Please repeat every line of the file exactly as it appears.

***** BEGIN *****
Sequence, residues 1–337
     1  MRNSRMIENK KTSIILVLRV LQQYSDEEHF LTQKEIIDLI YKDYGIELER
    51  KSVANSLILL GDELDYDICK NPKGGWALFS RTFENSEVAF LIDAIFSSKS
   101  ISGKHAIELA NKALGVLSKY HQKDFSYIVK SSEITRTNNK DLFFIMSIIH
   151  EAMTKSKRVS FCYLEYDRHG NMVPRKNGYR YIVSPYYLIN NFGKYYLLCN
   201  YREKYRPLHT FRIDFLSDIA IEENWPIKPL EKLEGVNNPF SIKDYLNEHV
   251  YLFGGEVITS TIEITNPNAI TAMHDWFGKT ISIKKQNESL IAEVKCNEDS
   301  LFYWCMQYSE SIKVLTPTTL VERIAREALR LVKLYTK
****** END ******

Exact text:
Sequence, residues 1–337
     1  MRNSRMIENK KTSIILVLRV LQQYSDEEHF LTQKEIIDLI YKDYGIELER
    51  KSVANSLILL GDELDYDICK NPKGGWALFS RTFENSEVAF LIDAIFSSKS
   101  ISGKHAIELA NKALGVLSKY HQKDFSYIVK SSEITRTNNK DLFFIMSIIH
   151  EAMTKSKRVS FCYLEYDRHG NMVPRKNGYR YIVSPYYLIN NFGKYYLLCN
   201  YREKYRPLHT FRIDFLSDIA IEENWPIKPL EKLEGVNNPF SIKDYLNEHV
   251  YLFGGEVITS TIEITNPNAI TAMHDWFGKT ISIKKQNESL IAEVKCNEDS
   301  LFYWCMQYSE SIKVLTPTTL VERIAREALR LVKLYTK